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Delta Dental fraud and abuse

Fraud and abuse

How to fight fraud, identity theft and abuse in your practice.

Fraud and abuse

Only a small percentage of providers or consumers commit healthcare fraud, but that small percentage can have a big impact. Learn how to avoid fraud and identity theft in your practice.

Fraud not only drives up the cost of dental coverage for your patients, it can directly affect your practice. Understanding fraud can help you keep your practice safe.

  • Health care fraud is a federal offense and carries a federal prison term of up to 10 years in addition to significant financial penalties. [United States Code, Title 18, Section 1347]
  • Mail fraud includes health care schemes that use the U.S. mail (such as mailing claims or receiving checks). Mail fraud can be charged in addition to other health care fraud charges.
  • The IRS works with other federal agencies that are investigating health plan fraud to establish whether tax violations should be added to the federal law violation(s).
  • Dishonest providers risk patients’ health by performing unnecessary or unsafe dental procedures simply for financial gain.
  • Patients’ benefits can be depleted as a result of fraud, leaving patients without benefits when a real necessity for dental services arises.

The following are signs of fraud that can occur in a dental office setting:

  • Routine failure to collect the patient’s full payment or share of cost without notifying the carrier.
  • Concealing other available coverage.
  • Misreporting dates to circumvent calendar year maximums or time limitations.
  • Submitting claims for covered services when non-covered services are provided.
  • Providing unnecessary services.
  • Patients who use another person’s ID to obtain benefits.
  • Limiting the availability of appointment times when compensation is capitation-based (i.e., in dental HMO type programs).

Learning about fraud is a great start. You can also:

  • Be sure to make reasonable efforts to collect patient coinsurance/copayments. Reasonable efforts include:
    • Payment plans: Making arrangements with patients for monthly payments, for example, or offering the option to pay by credit card.
    • Billing statements: Mailing monthly reminders of the balance and the minimum amount due.
    • Collections: Forwarding large, uncollectable balances to a professional collection agency.
    • Discontinuing the relationship with a patient who will not make reasonable efforts to pay his or her portion.
  • Discuss coverage and fees with patients before treatment, especially for optional or non-covered services, so that they fully understand their financial obligations.
  • Write out a fraud policy, including what you consider to be fraud. Have everyone in the office read and sign the document.
  • Separate tasks related to payments. For example, assign one person to accept payments and another to make adjustments in patient records.
  • Review collection and production reports monthly. Reconcile collections to make sure your bank and office records agree.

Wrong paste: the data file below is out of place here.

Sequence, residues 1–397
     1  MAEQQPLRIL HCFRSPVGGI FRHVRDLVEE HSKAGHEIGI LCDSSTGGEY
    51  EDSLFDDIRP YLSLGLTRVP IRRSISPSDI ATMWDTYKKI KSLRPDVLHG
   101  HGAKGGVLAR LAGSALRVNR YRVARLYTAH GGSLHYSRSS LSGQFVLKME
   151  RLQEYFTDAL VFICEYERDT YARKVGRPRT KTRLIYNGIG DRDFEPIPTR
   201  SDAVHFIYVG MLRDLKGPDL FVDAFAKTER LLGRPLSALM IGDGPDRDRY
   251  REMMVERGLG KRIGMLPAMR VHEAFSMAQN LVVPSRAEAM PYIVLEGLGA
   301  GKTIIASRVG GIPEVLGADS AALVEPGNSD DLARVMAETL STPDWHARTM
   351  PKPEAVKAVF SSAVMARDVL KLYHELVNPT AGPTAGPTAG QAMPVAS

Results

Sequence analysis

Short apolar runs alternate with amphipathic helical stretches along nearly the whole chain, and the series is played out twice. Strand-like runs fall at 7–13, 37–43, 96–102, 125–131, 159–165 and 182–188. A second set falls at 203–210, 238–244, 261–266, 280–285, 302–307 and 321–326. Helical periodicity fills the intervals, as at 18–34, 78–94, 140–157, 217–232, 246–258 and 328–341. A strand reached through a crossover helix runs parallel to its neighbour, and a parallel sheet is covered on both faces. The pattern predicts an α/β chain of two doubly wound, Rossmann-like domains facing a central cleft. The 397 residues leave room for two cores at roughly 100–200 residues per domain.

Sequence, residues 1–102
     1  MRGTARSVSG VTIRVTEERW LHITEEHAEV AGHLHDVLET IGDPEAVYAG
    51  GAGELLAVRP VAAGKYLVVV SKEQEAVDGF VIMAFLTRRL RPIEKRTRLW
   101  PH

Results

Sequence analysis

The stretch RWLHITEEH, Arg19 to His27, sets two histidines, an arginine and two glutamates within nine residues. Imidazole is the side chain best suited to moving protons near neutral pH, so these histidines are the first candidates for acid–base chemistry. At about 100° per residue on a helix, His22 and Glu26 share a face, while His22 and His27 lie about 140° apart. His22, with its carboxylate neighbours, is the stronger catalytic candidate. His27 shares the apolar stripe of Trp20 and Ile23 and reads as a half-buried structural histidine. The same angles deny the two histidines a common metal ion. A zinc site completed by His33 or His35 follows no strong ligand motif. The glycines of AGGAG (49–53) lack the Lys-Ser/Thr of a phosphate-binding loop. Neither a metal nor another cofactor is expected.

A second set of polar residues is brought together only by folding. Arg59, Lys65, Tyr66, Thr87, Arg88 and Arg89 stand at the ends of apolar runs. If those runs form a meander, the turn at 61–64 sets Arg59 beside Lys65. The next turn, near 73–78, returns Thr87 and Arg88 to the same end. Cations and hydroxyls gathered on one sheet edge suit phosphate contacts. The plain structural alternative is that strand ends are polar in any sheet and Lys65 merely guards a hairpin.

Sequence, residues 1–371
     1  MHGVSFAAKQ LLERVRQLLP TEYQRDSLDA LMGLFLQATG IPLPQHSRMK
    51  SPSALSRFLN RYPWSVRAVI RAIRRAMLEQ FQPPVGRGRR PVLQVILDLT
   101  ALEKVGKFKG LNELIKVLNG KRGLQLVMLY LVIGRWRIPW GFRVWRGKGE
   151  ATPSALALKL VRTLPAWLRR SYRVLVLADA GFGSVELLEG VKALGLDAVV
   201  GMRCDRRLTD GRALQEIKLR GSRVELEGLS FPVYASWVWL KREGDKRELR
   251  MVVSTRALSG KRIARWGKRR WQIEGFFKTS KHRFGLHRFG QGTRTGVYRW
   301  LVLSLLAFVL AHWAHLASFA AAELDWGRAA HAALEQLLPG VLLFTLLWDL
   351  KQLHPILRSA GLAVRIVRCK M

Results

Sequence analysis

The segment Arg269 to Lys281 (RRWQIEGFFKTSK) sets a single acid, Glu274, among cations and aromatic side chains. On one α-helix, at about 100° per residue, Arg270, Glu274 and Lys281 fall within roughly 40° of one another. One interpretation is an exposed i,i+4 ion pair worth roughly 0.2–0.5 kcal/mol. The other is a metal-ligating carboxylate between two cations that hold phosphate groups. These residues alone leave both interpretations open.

• Check the percentages on your monthly profit and loss records, as well as any changes. For example, if dental supplies cost about 8 percent of your income last year, and you’re spending 10 percent this year, it is important to investigate the increase in spending.
  • Use your practice management system. It may have built-in reports or features that can help you protect your practice from fraud. Ask your vendor about what's available.

If you suspect that fraud has occurred, contact us. You can remain anonymous.

Your patients can also be at risk for medical identity theft, which can lead to their benefits being depleted – leaving them without benefits when they need them. 

Here's how to prevent identity theft in your practice:

  • Request to see a photo ID, such as a driver’s license, when a new patient completes the forms typically requested of new patients.
  • Compare the photo ID with any enrollment document or dental benefit ID card the new patient may present.
  • Keep a copy of the photo ID in the patient’s folder.
  • Check the patient’s eligibility status online. The eligibility page provides the enrollee’s and family members’ names and birth dates, and the family members’ relationships to the enrollee. This information may be useful for comparison with other information the new patient provides.

We use various processes to help us uncover fraudulent behaviors and prevent fraud from driving up the cost of our plans, including:

  • Reviewing financial and treatment records to help ensure contracted dentists abide by the terms of their contractual agreements, including charging patients and Delta Dental appropriately and reporting claims accurately.
  • Conducting clinical patient examinations by independent dentist consultants, who provide unbiased opinions not only on whether services meet accepted professional standards, but also whether dental services have been provided as submitted for payment.
  • Educating our clients, enrollees, dentists and employees about fraud detection and prevention in online and printed newsletters and on our web site.
  • In some cases, pursuing recovery of funds in instances of suspected fraud.
  • Terminating the Delta Dental participation agreements of dentists who commit fraud.
  • Reporting potential cases to state and federal law enforcement personnel and cooperating with fraud investigations, including those conducted by state dental boards, postal inspectors and the FBI.